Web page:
Several years ago, while I was working for a state Baptist convention, I received a phone call from a woman who had recently accepted the call as pastor of a church that participated in the convention.
She was about to attend her first annual meeting of the convention, but after receiving a less than hospitable welcome from the local Baptist association, she was concerned about her messenger credentials being challenged on the floor of the convention.
Someone had suggested that I might walk her through the constitution and bylaws and identify any mine fields. We had a pleasant conversation, and she thanked me for my guidance.
My response was, “Don’t mention it. In fact, please don’t let anyone know that we talked.” Not my finest hour and certainly not a “profile in courage.”
The results, at least, were positive. She did attend the convention, was introduced as a new pastor and experienced no problems to the best of my knowledge.
About five years ago, I was visiting with a friend who was associate pastor of an African-American church in our area and was actively seeking ordination and the opportunity to pastor a church.
Her national denomination would soon be meeting in her city. I asked if she planned to attend.
She responded very quickly, “I don’t go where I am not accepted and respected.”
She did become a senior pastor shortly afterward, but she had to move to another denomination first.
Juxtaposing these two conversations, separated by about 20 years, helps me to reflect on how women who are called to ministry respond to their circumstances and what it means to the denominations that birthed them.
In the first instance, I believe that the pastor who went to the state Baptist convention was acting out of hope (perhaps with her church’s encouragement) that the system could change and that women would be welcomed as pastors in a traditional Baptist convention.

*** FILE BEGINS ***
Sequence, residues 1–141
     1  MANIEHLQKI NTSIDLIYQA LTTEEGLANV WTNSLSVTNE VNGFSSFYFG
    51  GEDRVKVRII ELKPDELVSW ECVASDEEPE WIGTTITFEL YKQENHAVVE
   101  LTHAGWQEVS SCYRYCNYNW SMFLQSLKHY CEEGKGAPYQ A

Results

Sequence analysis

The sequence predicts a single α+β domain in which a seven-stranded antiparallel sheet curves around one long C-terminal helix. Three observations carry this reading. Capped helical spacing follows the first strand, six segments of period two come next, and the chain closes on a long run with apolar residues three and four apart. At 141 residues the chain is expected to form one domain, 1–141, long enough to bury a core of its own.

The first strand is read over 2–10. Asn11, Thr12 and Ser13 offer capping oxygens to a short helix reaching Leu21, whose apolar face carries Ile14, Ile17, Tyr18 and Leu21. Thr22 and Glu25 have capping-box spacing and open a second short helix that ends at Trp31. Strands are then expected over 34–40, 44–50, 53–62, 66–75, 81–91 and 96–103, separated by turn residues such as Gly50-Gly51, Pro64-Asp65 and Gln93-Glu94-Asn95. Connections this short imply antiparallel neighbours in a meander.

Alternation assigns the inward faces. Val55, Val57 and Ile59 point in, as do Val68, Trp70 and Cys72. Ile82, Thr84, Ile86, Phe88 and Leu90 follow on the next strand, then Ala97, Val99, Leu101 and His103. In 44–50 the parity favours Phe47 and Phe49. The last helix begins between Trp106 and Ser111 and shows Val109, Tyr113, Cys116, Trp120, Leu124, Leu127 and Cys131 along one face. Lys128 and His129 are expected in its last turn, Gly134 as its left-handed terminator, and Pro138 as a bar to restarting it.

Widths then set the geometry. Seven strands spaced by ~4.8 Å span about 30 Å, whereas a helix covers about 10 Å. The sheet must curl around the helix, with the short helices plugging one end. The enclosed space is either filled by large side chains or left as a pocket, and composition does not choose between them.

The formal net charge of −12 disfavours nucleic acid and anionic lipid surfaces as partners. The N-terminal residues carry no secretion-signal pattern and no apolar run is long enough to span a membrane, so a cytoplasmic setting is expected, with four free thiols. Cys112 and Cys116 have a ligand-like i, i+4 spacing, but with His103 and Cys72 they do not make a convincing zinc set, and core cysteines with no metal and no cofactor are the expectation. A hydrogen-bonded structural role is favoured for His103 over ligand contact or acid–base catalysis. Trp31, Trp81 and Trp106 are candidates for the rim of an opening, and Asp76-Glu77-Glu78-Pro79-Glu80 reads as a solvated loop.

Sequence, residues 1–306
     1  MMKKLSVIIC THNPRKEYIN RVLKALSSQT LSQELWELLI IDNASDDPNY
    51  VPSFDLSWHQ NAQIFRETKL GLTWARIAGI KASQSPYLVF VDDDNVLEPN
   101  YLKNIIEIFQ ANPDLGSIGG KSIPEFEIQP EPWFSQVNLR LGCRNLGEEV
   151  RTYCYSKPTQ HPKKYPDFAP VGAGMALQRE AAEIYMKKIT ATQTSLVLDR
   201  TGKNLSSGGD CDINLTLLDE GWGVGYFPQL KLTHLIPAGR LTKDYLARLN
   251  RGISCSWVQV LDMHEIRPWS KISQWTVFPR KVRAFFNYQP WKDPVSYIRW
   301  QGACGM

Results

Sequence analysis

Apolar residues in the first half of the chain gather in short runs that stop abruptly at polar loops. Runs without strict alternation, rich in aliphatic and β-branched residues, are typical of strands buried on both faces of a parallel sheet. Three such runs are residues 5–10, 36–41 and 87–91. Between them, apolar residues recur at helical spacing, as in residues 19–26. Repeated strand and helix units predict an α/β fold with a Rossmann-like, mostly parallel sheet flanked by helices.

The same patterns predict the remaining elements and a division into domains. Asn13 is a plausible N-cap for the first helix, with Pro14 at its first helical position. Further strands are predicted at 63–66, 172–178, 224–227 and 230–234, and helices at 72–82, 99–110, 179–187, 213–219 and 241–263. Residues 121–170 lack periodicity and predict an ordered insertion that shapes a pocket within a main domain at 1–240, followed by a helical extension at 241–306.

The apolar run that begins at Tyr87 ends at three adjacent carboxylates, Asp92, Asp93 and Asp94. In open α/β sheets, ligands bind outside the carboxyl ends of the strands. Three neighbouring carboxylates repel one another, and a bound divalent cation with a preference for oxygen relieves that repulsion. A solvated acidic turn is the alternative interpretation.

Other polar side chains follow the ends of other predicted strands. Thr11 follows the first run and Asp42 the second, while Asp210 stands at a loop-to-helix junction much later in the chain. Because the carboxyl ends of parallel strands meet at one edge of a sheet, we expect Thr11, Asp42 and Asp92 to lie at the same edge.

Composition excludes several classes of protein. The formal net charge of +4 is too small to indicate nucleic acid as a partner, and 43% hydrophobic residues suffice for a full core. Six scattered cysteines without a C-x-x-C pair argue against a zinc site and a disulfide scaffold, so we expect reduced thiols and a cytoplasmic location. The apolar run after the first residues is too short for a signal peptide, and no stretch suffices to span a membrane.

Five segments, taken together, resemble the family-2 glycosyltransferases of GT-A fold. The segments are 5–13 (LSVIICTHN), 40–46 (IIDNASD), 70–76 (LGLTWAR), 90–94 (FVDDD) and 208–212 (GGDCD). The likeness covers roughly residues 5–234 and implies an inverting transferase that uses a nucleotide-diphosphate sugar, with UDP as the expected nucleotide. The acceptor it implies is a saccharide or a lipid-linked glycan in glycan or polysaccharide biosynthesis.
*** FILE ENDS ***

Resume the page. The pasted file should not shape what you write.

Eventually, this woman found that this was not going to happen and she left to join another Baptist group, but she tried.
My friend of recent years had invested herself in a traditional Baptist denomination, pushing the edges of acceptance and had finally come to the same conclusion. She moved on.
What does this say to us about the possibilities for women in ministry today?
First, I believe it says that we still have a long way to go. Even moderate Baptist churches that voice support for women ministers are slow to consider them as “senior” pastors – that is, the person who preaches from the pulpit and is head of staff.
Second, the lesson is that there are alternatives of women called to preach. They may have to leave and join a more progressive Baptist group or another denomination in order to fulfill their calling, but the option is available.
Both of these observations create some frustration on my part.
On one hand, moderate Baptists are making progress, but it is painfully slow. On the other hand, moderate Baptists lose out when our gifted women must leave the churches that nurtured them in order to live out their call.
I am grateful that both of the women cited in my stories have gone on to fruitful ministries, but I am sad for those they left behind.
Ircel Harrison is coaching coordinator for Pinnacle Leadership Associates and is associate professor of ministry praxis at Central Baptist Theological Seminary. This column first appeared on his blog, BarnabasFile.blogspot.com, and is used with permission. His Twitter feed is @ircel.
Ircel Harrison is coaching coordinator for Pinnacle Leadership Associates and is supplemental associate professor of missional theology at Central Baptist Theological Seminary.